By car it would take off peak 20-25minutes and if one could cycle over the bridge a cycle ride of about 45minutes maximum

    I seem to recall there was a report that Veolia did this for a previous concert and a passenger who missed their stop as a result pressed the emergency button and this threw the system into chaos.

    Frankly the way I felt today I don’t blame him/her

    Why do Connex call themselves Veolia here is it so they are not associated with their poor record overseas??

  3. James Pole says:

    Veolia is called Veolia everywhere except Melbourne where it’s the exception to the rule.

  4. Finn says:

    I was trainspotting at Glen Eden Station on Wednesday and there was a voice over the loudspeaker - “The 9:51 service to Swanson is cancelled,” and over the over side of the platform little kids were crying because they wanted to go on the train, but it turns out that the train did come - 4 minutes early. Then when I boarded the train to Britomart I got a free ticket because I was filming trains :)

  5. LucyJH says:

    Here’s my story of BDO woe (which am thinking of selling to Women’s Weekly). But anyway…

    We caught train to Penrose in the morning and that all went fine except for the bizzarely ineffecient ticketing. Coming home we got on the train at about 10.15 pm (after a lengthy wait on platform). It was crowded but took us to Newmarket fairly speedily.

    At that point the driver said “Travellers on the Western line get off here and transfer for your train to Waitakere.”

    We got along with others and found ourselves looking at an electronic sign which said the next train to West Auckland was at 11.45 pm. That is, an HOUR after our train had just dropped us off.

    There was one guy on the platform who we questioned but sadly he could hardly speak English and had no idea when the next train was coming or what we were asking.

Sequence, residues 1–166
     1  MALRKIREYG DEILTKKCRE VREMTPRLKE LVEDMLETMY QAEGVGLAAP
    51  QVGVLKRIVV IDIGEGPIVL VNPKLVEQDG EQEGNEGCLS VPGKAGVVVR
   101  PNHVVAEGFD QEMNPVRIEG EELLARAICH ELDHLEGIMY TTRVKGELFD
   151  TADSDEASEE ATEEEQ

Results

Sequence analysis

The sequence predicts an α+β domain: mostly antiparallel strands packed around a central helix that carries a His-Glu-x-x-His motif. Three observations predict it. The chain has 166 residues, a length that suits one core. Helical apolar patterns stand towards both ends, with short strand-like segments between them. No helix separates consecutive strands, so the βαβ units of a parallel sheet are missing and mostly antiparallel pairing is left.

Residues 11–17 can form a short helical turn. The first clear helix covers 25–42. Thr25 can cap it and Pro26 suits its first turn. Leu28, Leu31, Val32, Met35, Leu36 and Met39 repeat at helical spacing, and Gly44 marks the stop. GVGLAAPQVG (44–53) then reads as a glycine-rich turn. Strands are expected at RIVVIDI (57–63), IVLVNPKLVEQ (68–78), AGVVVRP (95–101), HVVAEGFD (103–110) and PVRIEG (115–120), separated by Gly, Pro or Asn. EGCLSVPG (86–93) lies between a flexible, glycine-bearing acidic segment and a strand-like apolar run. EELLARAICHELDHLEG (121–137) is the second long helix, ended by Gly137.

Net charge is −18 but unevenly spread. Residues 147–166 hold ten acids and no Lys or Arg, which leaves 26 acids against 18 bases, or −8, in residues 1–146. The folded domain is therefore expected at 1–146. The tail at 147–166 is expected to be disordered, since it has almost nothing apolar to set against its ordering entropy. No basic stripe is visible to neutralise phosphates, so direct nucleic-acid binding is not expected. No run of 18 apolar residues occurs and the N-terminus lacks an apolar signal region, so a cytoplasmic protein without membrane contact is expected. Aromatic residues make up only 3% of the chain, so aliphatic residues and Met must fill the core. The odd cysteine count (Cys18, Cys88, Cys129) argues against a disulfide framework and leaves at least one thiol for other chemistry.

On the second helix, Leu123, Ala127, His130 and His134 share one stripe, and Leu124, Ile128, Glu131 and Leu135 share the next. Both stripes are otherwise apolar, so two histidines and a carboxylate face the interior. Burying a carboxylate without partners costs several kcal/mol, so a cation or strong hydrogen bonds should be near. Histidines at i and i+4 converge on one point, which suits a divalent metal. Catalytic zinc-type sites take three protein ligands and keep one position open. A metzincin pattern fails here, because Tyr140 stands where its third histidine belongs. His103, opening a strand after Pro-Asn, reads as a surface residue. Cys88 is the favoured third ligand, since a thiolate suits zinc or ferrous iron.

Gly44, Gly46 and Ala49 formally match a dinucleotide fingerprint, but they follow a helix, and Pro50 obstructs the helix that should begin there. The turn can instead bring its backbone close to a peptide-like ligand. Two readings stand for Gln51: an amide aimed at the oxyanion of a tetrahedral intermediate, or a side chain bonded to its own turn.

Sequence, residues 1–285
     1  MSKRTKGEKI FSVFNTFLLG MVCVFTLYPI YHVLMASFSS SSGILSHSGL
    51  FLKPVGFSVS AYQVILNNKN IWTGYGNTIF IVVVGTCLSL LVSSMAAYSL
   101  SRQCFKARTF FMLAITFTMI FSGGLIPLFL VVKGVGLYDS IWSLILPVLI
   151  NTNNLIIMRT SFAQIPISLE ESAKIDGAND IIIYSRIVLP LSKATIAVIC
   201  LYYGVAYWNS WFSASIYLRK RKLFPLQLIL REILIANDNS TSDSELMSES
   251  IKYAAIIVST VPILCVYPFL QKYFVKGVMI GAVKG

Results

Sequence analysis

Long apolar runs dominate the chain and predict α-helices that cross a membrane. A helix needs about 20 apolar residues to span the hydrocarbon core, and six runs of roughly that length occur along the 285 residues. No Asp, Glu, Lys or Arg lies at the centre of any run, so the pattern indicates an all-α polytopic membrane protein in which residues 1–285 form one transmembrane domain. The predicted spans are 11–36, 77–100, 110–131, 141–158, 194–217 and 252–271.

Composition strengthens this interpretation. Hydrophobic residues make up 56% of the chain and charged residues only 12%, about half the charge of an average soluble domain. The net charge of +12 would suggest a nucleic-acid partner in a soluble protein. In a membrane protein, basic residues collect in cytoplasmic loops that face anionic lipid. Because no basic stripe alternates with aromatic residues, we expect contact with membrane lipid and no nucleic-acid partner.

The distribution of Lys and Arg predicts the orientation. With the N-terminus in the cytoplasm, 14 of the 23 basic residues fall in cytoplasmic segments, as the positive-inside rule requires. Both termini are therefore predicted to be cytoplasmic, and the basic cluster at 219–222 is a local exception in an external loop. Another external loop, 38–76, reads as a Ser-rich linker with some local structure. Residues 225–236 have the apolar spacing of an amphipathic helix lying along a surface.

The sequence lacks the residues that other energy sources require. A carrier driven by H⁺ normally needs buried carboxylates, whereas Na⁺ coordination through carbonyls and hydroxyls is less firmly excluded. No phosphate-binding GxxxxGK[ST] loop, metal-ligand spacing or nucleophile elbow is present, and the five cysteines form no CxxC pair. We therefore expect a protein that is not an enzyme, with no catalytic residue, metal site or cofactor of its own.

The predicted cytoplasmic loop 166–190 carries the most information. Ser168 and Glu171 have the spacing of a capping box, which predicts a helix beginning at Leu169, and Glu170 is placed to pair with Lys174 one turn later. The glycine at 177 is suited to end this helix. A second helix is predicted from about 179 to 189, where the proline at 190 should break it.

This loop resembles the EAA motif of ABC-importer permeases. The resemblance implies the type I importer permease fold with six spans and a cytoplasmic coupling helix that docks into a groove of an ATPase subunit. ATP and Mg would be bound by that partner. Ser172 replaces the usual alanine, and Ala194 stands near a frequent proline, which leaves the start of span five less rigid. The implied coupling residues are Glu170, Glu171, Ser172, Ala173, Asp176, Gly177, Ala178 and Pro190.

One of the girls checked her phone and said “But it says here on the timetable that there will be trains every twenty minutes taking us home.” So we all waited with no train in sight.

    It was cold and wet and people were miserable and really pissed off that they had been told to get off the train at Newmarket and wait for a service that wasn’t coming for an hour. Understandably since they might well have had more luck going into town and getting a late bus from Britomart out West.

    We left about 11.20 as we were lucky enough to live in Kingsland so could get a taxi with minimal cost. But I felt sorry for the 30 people we left behind shivering and sneezing.

  6. mark says:

    7% of all Western Line services did not arrive (at the final destination) at all???

    Gosh, that is way worse than I thought (being only a occassional train user) I know there’s still lots of works going on, but it almost makes you wonder whether higher frequencies are worth it right now, when passengers are so unsure about what will happen (i.e. whether frewer frequencies and more reliability would be better - gettng more buffering time, and being able to maintain trains better, with more downtime).


  7. James Pole says:

    Mark: Better frequencies would be better. At the moment a 15mins freq on the Western Line means a cancellation results in 30mins between services. Better to have a 10min freq which means cancellations will just see that drop to 20mins (much more bearable!).

    A case proving my point: Buses on certain routes have higher frequencies and much worse reliability compared to the trains — such as Dominion Road and Mount Eden Road.

    Usage of buses are very high on these routes despite the shoddy reliability of bus services simply because buses run every 5 mins or so during the peak so a cancellation is hardly noticed.

    I would be very interested to see reliability stats for the buses. I suspect they would make interesting reading, especially if they were broken down by routes. Wouldn’t surprise me if the stats for certain routes were actually worse than the trains!